2nd Lieutenant Arthur Hugo SMYTH 

Killed in Action 13 March 1918


Arthur Hugo, born in Hammersmith in 1895, and usually addressed as “Hugo”, was the son of  Arthur Percy Smyth and his wife, Gertrude Naomi Smyth.  At the 1901 Census the family lived at 25 Homefield Road, Chiswick.  Arthur Percy was aged 30, and listed as a Furnisher and Decorator.  Gertrude was 31.  Ten years later, they had moved to 30 Homefield Road.  At age 16, Hugo had started an apprenticeship in engineering.

Nothing else is known about Hugo’s pre-War life.  At aged 19, he may have volunteered early on in the War, but it is more likely that he was conscripted in 1916.  In any event, he started in the Army Service Corps, as Acting Sergeant, No. M2/136.429 that suggests that from the outset he was in the Motor Transport branch.  We know that he was commissioned Second Lieutenant on 22 June 1917. 

Each Division of the army had a certain amount of motorised transport allocated to it, although not directly under its own command. The Divisional Supply Column Companies were responsible for the supply of goods, equipment and ammunition from the Divisional railhead to the Divisional Refilling Point and, if conditions allowed, to the dumps and stores of the forward units. A Company initially comprised 5 officers and 337 other ranks of the ASC, looking after 45 3-ton lorries, 16 30-cwt lorries, 7 motor cycles, 2 cars and 4 assorted trucks for the workshop and stores of the Supply Column itself.  In the winter of 1917-18 mechanical transport was re-organised on a Corps basis, and 2/Lt Hugo Smyth was part of 69th Siege Battery Siege Park, in Ammunition Column “N”.  A Corps Siege Park was composed generally of a MT Company attached to the Corps Heavy Artillery.  While they remained under the administration of the ASC, they were answerable to the Heavy Artillery for the haulage of guns, supplying ammunition to batteries when in position, and the movement of batteries, but also answered to the MT Branch of the ASC for the upkeep of lorries and administration of personnel.  Members of the Corps who supported the heavy guns were often involved in activities which brought them in constant danger, largely due to enemy shelling. A good number became casualties and a number received decorations for bravery.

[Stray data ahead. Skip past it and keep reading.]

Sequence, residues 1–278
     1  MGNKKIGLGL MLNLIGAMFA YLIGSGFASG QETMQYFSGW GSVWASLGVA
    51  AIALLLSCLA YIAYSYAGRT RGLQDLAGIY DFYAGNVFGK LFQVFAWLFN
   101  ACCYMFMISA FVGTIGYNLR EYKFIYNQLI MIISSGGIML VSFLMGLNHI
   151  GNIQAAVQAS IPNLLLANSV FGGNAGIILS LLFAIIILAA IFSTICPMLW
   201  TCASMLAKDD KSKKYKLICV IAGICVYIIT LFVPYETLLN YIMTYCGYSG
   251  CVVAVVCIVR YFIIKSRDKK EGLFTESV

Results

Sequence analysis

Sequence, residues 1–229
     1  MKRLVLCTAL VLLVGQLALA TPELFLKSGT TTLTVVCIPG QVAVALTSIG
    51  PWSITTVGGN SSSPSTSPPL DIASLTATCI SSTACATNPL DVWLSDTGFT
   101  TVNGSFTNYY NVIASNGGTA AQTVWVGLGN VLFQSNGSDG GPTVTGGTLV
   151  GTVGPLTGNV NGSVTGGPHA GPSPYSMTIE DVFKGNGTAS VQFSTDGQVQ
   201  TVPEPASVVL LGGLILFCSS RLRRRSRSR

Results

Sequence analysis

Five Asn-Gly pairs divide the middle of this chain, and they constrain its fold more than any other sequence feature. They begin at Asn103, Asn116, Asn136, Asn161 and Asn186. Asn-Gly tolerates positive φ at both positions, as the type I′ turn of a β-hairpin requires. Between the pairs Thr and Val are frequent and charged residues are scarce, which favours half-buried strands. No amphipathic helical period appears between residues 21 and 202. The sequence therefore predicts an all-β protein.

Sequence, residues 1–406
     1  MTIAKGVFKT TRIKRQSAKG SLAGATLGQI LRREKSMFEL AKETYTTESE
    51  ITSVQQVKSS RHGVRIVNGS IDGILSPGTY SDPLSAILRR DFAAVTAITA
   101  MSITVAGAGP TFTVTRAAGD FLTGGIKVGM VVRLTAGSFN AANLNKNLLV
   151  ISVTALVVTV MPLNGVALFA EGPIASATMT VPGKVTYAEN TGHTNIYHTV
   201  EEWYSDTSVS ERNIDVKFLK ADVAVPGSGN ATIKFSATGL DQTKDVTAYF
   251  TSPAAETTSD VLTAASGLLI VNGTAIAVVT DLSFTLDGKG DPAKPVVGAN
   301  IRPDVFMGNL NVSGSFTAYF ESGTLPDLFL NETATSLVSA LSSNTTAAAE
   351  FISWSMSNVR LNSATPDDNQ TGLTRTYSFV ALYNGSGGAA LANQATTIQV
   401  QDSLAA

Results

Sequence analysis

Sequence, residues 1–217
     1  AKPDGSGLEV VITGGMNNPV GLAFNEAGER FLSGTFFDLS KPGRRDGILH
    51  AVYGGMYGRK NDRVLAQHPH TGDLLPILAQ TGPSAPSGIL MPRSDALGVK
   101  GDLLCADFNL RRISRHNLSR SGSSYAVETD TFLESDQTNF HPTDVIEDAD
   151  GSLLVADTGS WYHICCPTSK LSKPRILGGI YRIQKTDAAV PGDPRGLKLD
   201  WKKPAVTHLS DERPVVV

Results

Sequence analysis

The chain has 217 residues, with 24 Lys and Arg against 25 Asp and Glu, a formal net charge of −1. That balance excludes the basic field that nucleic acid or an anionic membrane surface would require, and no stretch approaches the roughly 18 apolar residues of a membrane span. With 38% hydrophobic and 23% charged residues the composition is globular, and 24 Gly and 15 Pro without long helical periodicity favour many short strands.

69th Company was attached in the later part of the War to 16th (Irish) Division.  By January 1918, this Division had returned to the Fifth Army in France and took over 7,000 yards of front line previously occupied by the French, in the middle of the front line near the villages of Ronssoy and Lempire.  The supply chain to this area will almost certainly well behind this line , in a corridor to the north-west, based around Arras, itself a place that was to be under fierce fire from the German Offensive which commenced on 21 April.  No doubt, in the few weeks before that, 69th Company would have been daily transporting heavy guns and ammunition towards the front, very vulnerable to enemy long-distance artillery attack.

2/Lt. Arthur Hugo Smyth was Killed in Action on 13 March 1918, most likely from shellfire in just such an enemy attack.  His body is buried at Maroeuil British Cemetery, north-west of Arras at Plot IV.H.6.  He was unmarried, and aged 23.   His parents placed on the headstone the words:

“Though thy voice to us is silent we feel thy living presence here”.